May 20 - Formula 1 has headed in the "wrong direction" with the basic philosophy of the technical rules going forward.

That is the view of Adrian Newey, the Red Bull technical boss who is widely regarded as one of the greatest designers in the history of the sport.

"I think the principle of helping cars to overtake by reducing the sensitivity of the following car to the one in front is fine," he told

"I don't think it's a significant change, but it will help a little."

The big problem, he warns, is the ever-increasing weight of the cars - up from the low-600 kilogram range "just a few years ago" to the 800-plus kg cars of today.

"We're all working like crazy to meet the current minimum weight requirement," said Newey. "In short, the cars have gotten bigger and heavier not particularly aerodynamically efficient because they have a lot of drag.

"Obviously this wrong direction is the same as the one the general automotive industry has been going in lately," he explained. "Bigger and heavier cars and people's obsession with whether they drive on batteries or with fuel."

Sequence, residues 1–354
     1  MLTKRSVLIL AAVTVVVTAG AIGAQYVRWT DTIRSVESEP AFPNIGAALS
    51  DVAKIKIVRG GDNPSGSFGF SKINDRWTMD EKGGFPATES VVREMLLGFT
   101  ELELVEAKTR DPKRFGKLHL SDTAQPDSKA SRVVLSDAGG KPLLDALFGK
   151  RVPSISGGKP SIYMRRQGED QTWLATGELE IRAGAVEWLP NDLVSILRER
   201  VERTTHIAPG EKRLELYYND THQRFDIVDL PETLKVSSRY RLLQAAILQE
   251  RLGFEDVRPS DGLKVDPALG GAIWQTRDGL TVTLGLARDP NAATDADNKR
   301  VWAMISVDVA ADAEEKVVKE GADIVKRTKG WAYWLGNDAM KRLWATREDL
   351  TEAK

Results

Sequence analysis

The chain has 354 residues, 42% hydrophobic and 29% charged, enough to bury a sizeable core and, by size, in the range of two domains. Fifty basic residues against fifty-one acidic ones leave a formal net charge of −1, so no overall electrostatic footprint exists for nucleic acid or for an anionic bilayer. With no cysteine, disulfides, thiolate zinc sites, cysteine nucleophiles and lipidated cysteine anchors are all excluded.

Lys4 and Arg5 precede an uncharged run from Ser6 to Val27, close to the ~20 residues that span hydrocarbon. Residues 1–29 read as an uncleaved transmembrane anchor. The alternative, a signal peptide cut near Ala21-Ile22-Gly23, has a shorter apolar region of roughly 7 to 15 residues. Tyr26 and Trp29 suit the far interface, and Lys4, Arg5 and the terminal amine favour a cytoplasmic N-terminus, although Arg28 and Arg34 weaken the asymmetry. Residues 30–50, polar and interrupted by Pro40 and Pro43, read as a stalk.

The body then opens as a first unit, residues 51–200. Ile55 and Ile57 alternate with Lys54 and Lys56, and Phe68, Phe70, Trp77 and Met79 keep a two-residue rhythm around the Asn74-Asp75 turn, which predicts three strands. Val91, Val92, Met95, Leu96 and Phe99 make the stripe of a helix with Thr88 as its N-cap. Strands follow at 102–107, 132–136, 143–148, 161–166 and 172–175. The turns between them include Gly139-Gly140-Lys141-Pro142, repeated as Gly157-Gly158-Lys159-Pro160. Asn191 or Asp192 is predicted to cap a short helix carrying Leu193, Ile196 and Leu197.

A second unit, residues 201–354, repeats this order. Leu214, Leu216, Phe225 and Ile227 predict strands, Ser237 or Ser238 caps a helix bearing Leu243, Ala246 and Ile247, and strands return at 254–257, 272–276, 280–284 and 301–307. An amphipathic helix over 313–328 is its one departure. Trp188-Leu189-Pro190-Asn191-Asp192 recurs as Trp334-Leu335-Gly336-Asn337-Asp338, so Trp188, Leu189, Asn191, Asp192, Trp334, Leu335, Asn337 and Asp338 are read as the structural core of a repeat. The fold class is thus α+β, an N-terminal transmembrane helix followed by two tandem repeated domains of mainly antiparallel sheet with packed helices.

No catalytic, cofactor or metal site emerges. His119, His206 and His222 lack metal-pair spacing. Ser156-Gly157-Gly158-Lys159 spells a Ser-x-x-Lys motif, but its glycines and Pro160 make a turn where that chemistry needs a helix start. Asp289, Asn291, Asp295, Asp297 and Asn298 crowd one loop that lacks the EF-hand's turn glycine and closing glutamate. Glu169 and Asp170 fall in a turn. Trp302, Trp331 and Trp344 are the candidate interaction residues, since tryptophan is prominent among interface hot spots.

Newey would therefore like to see "smaller, lighter and more energy-efficient cars" in the future, and argues that it would compromise safety.

"On the contrary," he argues, "it is a self-reinforcing problem because the heavier the car, the stronger it needs to be."

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4 F1 Fan comments on “Newey says F1 cars heading in 'wrong direction' now

  1. Swede

    Should try Chapman's brilliant double chassis car... The Lotus T88.

    Light and fast!

    800kg (1764lbs) is not really a race car. Dump batteries and hybrid carp and lets race!

  2. CanadianEh

    We are all agreed!

    The feat of engineering in current F1 cars is amazing - 800 kg and they can still manage 200+ miles per hour.

    Stripping out the KERS, battery, motors and conductors would save _____Kg?? Reduce weight by making the package smaller, not bigger. Go to six wheels like the Tyrell P-34 to reduce drag - plus, they looked bad-ass as well.

    The safety aspect must remain - but surely there are ways to keep the power, and loose the weight. Smaller, tighter body aero, better lines of sight, maybe put those blinky-lights in the mirrors when a car is in the blind-spot. Hell, my wife's Escape has those.

    Pare down the odious telephone-book of regulations and let F1 really show the world what engineers are capable of.

    As it stands now, the cars are practically spec-chassis like NASCAR or Indy cars. Snore.


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